With a major sexual harassment case brewing and amidst longstanding complaints about the advertising industry’s alleged sexism, a number of top execs met this week to tackle the issue on the #Diversity panel, where they discussed ideas for increasing the number of female execs in the ad business. The execs, representing some of Madison Avenue’s biggest companies, agreed that action was urgent and said social media could play a major role in the outreach effort.
“I don’t think anyone is going to deny that we need more women in the top ranks of this industry, but it’s easier said than done,” said Griffith Park III, CEO of Omni, eliciting nods from the other panelists. By the same token Park believes that social media and online recruiting can be a game changer, “For example if we clarified in the online job descriptions that we also hire women.”
Other panelists suggested reaching out early to young women in college through more professional mentoring and internships, but Jim Berkshire, COO at WBT Venice Worldwide, said even earlier intervention is needed: “The problem is a lot of college students, including young women, are studying kind of ‘wishy-washy’ subjects like English that really aren’t going to prepare you for the extremely rigorous, analytical world of advertising.”
Instead, Berkshire went on, out reach should target high schools and even younger audiences: “You’ve got to them earlier, we need to be reaching out with these messages about a career in the ad business when they’re 12, 13, 14 years old. I want these girls watching 'Mad Men' in middle school.”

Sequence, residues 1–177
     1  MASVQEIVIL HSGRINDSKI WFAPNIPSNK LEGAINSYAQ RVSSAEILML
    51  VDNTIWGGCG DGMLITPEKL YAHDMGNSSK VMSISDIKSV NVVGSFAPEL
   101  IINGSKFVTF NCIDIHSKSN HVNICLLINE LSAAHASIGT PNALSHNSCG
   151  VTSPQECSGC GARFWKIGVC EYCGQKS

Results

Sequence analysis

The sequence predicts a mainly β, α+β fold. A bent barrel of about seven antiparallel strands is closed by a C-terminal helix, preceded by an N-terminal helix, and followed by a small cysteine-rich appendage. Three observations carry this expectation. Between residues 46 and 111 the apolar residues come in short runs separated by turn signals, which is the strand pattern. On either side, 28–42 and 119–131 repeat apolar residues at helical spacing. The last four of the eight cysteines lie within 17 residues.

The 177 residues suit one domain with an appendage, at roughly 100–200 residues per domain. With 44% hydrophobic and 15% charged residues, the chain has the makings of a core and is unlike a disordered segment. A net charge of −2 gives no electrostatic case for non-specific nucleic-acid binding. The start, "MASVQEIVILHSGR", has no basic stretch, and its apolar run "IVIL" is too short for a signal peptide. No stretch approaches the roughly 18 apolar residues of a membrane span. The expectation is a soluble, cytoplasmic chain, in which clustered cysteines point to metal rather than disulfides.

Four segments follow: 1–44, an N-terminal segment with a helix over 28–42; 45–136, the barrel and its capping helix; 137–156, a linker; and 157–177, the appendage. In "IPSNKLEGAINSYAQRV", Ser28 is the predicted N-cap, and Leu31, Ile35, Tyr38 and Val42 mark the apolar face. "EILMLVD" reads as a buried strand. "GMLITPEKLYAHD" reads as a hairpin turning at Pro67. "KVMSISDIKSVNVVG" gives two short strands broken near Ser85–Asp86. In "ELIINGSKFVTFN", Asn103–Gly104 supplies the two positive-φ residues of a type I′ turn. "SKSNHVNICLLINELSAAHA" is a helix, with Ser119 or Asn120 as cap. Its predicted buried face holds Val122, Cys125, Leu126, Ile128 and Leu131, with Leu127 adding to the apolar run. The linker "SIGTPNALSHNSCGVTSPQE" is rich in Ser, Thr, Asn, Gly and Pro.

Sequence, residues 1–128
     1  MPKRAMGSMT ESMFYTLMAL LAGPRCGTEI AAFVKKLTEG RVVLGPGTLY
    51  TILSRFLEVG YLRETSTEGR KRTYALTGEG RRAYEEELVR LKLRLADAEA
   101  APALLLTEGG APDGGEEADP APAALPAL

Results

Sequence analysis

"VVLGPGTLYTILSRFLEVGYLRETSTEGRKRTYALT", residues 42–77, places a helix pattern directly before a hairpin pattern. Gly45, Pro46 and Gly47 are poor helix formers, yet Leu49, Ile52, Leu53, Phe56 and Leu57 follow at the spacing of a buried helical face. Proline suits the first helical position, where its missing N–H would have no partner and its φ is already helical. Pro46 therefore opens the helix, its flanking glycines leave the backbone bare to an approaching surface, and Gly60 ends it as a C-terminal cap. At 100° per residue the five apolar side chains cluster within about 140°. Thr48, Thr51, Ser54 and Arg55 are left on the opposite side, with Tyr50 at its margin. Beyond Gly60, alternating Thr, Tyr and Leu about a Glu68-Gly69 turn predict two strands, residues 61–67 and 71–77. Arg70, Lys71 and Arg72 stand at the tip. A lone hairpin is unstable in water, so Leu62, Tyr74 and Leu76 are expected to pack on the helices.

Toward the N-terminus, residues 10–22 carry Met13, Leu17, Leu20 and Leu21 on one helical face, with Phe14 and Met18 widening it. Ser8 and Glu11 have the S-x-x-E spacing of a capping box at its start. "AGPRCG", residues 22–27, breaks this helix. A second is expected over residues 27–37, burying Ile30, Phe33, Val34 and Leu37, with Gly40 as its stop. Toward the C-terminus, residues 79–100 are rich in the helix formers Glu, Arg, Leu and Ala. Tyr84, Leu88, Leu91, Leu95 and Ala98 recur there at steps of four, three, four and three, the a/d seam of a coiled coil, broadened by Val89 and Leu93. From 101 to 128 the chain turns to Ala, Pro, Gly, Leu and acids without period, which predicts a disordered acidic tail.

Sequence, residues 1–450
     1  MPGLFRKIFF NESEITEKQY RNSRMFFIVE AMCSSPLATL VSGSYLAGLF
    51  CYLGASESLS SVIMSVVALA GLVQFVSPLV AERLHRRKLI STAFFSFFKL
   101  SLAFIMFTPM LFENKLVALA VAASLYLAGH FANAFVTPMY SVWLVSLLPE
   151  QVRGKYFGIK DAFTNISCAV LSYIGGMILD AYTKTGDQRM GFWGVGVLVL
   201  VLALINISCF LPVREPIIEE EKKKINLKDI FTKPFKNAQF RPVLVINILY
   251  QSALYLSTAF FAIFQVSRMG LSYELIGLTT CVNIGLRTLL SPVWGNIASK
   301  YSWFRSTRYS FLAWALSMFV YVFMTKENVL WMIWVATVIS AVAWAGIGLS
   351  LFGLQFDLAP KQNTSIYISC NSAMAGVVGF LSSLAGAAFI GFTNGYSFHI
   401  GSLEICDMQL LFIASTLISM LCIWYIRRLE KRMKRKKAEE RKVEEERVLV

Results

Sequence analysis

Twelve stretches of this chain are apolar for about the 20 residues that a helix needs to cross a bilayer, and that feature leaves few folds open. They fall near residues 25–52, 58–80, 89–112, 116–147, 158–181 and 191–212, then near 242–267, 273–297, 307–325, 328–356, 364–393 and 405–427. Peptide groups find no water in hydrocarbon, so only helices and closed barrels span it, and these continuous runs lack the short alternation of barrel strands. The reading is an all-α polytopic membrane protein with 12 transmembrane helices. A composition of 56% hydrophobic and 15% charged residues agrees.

Looking ahead, panelists agreed that having a full supply of female execs will definitely provide a competitive edge to agencies in the future, requiring a very aggressive recruiting strategy. John Sanduck, co-founder and chief creative officer at Yellow, said success will go to the company that “approaches this like war or football and works to systematically, strategically conquest these female candidates.”
One interesting idea, presented by MDMA World Sidebush CEO Jim Hillman, sparked conversation because it would serve the additional purpose of aligning the ad industry with a socially progressive cause: “I know this industry hasn’t traditionally shown enough support to LGBT individuals in top spots, and clearly right now there’s a lot of conversation around transgender issues in the mainstream. I’d have to ask around, but who says we can’t start flipping some of those male C suites to female right away?”
Hillman conceded there might not be enough numbers to even up the gender balance, but added that in light of the highly competitive nature of the ad industry, with sufficient incentives some male executives might be open to the idea of gender reassignment to help the cause of diversity. “What better way to show millennials how inclusive we are? Heck, it would make a great reality TV show.”
Cass Andrews, CEO of Royal.GHB Spot/Sanders and the only woman on the eleven-person panel, noted in an aside: “This whole situation is too weird to be true.”
Editor's Note: Please keep in mind what day this was posted: April 1, people!